• What do you want them to know or find out from this teaching? (We need curriculum knowledge).
  • What will it look like when they do/have? (We need curriculum knowledge).
  • What is the best way to find out what they know or can do? (We need pedagogical knowledge, which includes evaluative capability).

These questions have stood the test of time with me through the toss and churn of assessment practice. Building the answers to these questions with the learners is where their agency can occur and ākonga can become part of the process. Assessment becomes part of the learning and teaching process - not sitting outside of it. I make a link here to Assessment to Improve Learning: Principles, Practices and Proof. Principle one states that assessment guides improvement in learning and teaching, and Principle two - assessment builds student agency.

There was always purpose and there was always the consideration of the learner at the centre of this learning.

If you think about what Lee Schulman said about the areas of knowledge needed by teachers - that the importance of knowledge of your learners and the context you are working in is as important as general pedagogical, pedagogical content, and subject knowledge. It is the combination of knowing your learners and what they bring, and what the curriculum (NZ and local) states the learners need to learn. Principle four - curriculum is interconnected with learning, teaching and assessment.

Whilst all the areas of teacher knowledge are important, that knowledge of the learner is of course the area that is critically important for effective teaching and using assessment for learning. For example, coming into my role as principal, the school had been using STAR testing religiously each year. When I asked what it told us about our learners the response was, not much actually as we already know our learners struggle in this area - vocabulary is a weakness. So, what is the benefit of this testing, especially if you already know this about your learners? And maybe - what is the harm?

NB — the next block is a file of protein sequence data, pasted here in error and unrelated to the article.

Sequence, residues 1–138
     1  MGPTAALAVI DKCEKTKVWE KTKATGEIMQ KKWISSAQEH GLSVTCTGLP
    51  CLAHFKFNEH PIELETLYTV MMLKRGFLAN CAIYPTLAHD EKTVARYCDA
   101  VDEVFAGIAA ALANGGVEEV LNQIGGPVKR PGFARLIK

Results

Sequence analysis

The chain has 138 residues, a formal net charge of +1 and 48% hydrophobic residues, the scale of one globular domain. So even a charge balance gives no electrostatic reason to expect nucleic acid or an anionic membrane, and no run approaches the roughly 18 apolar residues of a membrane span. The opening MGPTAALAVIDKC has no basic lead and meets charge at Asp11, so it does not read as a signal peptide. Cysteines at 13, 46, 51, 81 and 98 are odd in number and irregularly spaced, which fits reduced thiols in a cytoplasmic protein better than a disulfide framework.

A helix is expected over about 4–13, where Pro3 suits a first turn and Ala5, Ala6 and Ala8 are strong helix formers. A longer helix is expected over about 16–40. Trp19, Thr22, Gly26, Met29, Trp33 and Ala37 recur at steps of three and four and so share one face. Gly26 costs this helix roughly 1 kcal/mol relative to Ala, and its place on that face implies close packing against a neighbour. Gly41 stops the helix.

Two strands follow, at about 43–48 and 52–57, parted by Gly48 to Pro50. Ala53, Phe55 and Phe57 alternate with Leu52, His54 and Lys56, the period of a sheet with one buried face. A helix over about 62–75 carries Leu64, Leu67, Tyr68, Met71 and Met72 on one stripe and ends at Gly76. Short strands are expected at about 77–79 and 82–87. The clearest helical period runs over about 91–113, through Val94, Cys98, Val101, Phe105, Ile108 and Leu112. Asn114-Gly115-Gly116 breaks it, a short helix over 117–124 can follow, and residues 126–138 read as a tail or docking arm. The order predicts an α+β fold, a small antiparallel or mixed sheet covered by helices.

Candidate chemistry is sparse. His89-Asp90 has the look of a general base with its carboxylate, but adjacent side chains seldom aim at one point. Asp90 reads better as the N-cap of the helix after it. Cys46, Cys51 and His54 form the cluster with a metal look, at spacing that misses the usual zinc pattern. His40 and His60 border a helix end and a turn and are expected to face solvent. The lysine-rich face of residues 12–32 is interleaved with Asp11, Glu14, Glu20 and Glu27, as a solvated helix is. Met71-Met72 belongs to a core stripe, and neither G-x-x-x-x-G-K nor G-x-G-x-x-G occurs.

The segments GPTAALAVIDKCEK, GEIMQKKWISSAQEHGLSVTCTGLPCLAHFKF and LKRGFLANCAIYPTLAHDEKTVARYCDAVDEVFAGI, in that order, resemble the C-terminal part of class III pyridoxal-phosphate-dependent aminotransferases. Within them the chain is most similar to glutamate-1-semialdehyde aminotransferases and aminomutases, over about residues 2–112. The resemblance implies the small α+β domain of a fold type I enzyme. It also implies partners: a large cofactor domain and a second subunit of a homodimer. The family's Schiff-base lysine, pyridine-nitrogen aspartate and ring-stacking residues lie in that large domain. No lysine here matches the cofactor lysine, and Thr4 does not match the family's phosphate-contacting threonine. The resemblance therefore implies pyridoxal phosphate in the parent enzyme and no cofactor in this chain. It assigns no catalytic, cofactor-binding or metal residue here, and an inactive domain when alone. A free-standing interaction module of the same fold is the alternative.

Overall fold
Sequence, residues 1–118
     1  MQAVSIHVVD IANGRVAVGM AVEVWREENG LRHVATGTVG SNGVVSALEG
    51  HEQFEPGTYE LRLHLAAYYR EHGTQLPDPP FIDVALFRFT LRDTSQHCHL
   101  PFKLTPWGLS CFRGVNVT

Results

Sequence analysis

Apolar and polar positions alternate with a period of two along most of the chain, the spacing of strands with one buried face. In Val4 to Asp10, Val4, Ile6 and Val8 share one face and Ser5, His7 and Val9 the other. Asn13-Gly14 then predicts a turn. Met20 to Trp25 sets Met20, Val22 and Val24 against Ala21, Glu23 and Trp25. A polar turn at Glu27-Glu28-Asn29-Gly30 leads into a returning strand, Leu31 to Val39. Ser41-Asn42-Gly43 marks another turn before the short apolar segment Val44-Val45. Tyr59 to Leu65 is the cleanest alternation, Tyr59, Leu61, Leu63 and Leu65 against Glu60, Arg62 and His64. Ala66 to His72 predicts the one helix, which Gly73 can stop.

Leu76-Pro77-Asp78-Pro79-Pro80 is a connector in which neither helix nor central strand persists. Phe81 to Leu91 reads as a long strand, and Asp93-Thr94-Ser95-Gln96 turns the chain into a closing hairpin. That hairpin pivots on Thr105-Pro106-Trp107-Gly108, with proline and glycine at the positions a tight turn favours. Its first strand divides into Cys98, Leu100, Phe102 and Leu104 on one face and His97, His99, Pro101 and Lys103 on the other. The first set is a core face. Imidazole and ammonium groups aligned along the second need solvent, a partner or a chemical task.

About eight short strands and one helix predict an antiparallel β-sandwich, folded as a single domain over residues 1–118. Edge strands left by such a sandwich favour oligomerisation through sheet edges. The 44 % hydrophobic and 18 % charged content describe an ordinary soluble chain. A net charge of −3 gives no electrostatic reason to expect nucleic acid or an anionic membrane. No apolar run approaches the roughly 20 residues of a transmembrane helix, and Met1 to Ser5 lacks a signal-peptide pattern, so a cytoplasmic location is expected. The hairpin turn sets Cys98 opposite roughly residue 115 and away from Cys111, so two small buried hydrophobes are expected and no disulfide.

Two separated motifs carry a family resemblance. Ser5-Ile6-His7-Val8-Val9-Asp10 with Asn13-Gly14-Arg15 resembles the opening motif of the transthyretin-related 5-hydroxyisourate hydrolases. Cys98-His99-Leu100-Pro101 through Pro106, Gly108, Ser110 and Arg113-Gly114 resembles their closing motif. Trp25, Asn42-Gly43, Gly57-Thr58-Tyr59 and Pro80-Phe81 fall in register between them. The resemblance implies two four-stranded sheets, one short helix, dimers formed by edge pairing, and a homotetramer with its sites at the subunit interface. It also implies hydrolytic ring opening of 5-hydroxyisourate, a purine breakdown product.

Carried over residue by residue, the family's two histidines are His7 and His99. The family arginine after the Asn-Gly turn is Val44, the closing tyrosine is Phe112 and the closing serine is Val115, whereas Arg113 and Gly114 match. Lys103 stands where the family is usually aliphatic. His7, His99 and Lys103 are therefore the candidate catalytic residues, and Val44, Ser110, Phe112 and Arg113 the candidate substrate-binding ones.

Another example, and connected to the previous one, we also knew that many of our tamariki progressed quite slowly on entry to school, and by about year three were starting to take off. Knowing this, we adjusted our progress graphs at the junior end. As a result, teachers felt less stressed about giving that extra time to consolidate some of the letter/sound and basic work knowledge as they built vocabulary through deliberate acts of teaching oral language. It wasn’t a lowering of expectation, but an acknowledgement based on the knowledge we had of our learners.

In maths, we were using our SMS indicators of learning for next steps goal setting. Teachers were then doing JAM or GLoSS testing when they already knew that learners had mastered something. Some were noticing that if they used the indicators well and consistently, they knew what the testing would tell them - depending on how well that student went that day.

So, knowing our learners well means often we can do away with some of the ‘point-in-time’ testing that we do out of habit or because it is on a schedule. Principle three - necessary and sufficient evidence of progress and achievement is gathered using a range of assessment approaches.